Last summer, the U.S. Joint Forces Command (JFCOM) prepared a quick look at the military lessons to be learned from Operation Iraqi Freedom. It stressed the battlefield synergies made possible by greater jointness, adaptive planning and integration of conventional forces with special operations units, while arguing for more spending on intelligence, surveillance and reconnaissance. In other words, it told proponents of military transformation in the Office of the Secretary of Defense what they wanted to hear.
Ever since then, JFCOM has been noodling around with a more definitive assessment. Unfortunately, the Iraqis don’t seem to be cooperating with JFCOM’s initial findings. The victory won in Operation Iraqi Freedom looks less and less decisive, while the remaining challenges look more and more imposing. So here are some suggestions for revised lessons that might go in the final report, if and when one is released.
1. U.S. intelligence capabilities are pretty mediocre. The federal government spends nearly a billion dollars a week conducting reconnaissance of foreign countries (some of which falls outside intelligence budgets). That’s supposed to give the U.S. a big strategic edge, but it turns out that after carefully scrutinizing Iraq for a dozen years, analysts couldn’t even tell whether Saddam had weapons of mass destruction. It’s bad enough that analysts can’t say what’s going to happen tomorrow (as in 9-11), but judging from our weak grasp of the Iraqi insurgency, they can’t even say for sure what happened yesterday.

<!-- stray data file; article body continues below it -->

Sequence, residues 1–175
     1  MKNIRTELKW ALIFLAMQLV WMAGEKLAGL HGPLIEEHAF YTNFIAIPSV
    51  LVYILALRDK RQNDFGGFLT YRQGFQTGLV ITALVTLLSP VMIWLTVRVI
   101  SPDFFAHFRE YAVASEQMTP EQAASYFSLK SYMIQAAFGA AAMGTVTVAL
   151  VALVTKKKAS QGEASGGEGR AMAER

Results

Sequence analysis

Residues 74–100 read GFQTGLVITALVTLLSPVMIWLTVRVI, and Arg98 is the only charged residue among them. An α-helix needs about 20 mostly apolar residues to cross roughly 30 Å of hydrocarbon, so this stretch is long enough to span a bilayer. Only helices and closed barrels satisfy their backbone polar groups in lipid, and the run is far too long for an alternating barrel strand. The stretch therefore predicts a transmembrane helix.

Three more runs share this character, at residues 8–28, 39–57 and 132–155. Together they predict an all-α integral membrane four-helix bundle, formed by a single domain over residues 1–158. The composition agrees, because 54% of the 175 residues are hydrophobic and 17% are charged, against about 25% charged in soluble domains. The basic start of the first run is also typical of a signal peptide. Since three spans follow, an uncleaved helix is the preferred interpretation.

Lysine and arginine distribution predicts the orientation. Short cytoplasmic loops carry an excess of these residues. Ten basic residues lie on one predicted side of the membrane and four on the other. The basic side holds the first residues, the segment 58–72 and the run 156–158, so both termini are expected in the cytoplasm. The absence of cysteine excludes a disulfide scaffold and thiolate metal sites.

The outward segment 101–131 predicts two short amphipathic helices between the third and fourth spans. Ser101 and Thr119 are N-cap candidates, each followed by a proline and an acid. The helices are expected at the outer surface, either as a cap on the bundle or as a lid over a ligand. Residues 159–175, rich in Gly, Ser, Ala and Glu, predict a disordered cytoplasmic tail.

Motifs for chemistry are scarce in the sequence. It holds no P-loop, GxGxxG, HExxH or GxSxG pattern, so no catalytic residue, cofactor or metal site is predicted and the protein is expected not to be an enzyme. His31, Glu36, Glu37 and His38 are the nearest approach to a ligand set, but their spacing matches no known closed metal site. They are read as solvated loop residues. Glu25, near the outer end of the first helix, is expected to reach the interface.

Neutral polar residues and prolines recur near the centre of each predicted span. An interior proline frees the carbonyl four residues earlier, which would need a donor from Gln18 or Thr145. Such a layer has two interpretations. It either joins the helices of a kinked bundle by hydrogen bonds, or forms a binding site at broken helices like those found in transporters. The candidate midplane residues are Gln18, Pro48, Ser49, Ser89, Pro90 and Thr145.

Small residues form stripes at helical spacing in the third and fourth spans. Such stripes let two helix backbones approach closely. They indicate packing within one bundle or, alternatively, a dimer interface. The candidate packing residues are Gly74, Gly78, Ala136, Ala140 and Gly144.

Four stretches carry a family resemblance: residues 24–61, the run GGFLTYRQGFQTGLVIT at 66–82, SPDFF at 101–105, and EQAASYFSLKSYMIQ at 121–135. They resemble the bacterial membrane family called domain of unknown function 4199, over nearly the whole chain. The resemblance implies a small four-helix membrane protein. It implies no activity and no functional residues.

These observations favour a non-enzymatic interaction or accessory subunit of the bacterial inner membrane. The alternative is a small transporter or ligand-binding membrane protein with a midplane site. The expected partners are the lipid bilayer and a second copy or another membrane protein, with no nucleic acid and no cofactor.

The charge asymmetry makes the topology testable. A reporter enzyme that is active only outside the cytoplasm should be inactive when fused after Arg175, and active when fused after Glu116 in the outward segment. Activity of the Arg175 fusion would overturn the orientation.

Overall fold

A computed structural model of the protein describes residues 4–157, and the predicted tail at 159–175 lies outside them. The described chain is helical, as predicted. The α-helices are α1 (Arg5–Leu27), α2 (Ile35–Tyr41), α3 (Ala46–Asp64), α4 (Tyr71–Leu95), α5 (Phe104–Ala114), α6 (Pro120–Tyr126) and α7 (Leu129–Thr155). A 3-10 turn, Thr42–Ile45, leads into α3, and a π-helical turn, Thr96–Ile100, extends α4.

2. There is no “strategic pause.” Advocates of military transformation have been arguing for a decade that the U.S. should use the post-cold-war pause in global threats to transform its military for information-age warfare. Meanwhile, the U.S. has fought one war after another — in the Balkans, in Afghanistan, in Iraq. Guess what: there is no strategic pause. Which means the military can’t wait for grand schemes like the Future Combat System to pay off. It needs new helicopters and armored vehicles and communications now.
3. Land power is the core of military capability. The U.S. Army spent the first year of the Bush Administration trying to convince policymakers that transformation didn’t mean much unless you could still seize and control real estate. It ended up sacrificing both its Chief of Staff and Secretary to that unfashionable idea. But imagine where we would be today in Iraq if the big thinkers had actually succeeded in cutting the number of Army divisions from ten to eight. Is anybody in OSD ever going to admit that Gen. Shinseki was right?
4. War really is mostly about politics. Launching a military campaign without rigorous political analysis of the target state isn’t very bright. Most of the reverses U.S. policy has suffered in Iraq have resulted from wishful thinking about who and what Iraqis would be willing to support once Saddam was gone. Iraq is three countries masquerading as one. Our experience in former Yugoslavia should have told us that is not fertile ground for a democracy. Moktada al-Sadr is a passing problem, but the fragility of Iraqi democracy is likely to prove chronic.
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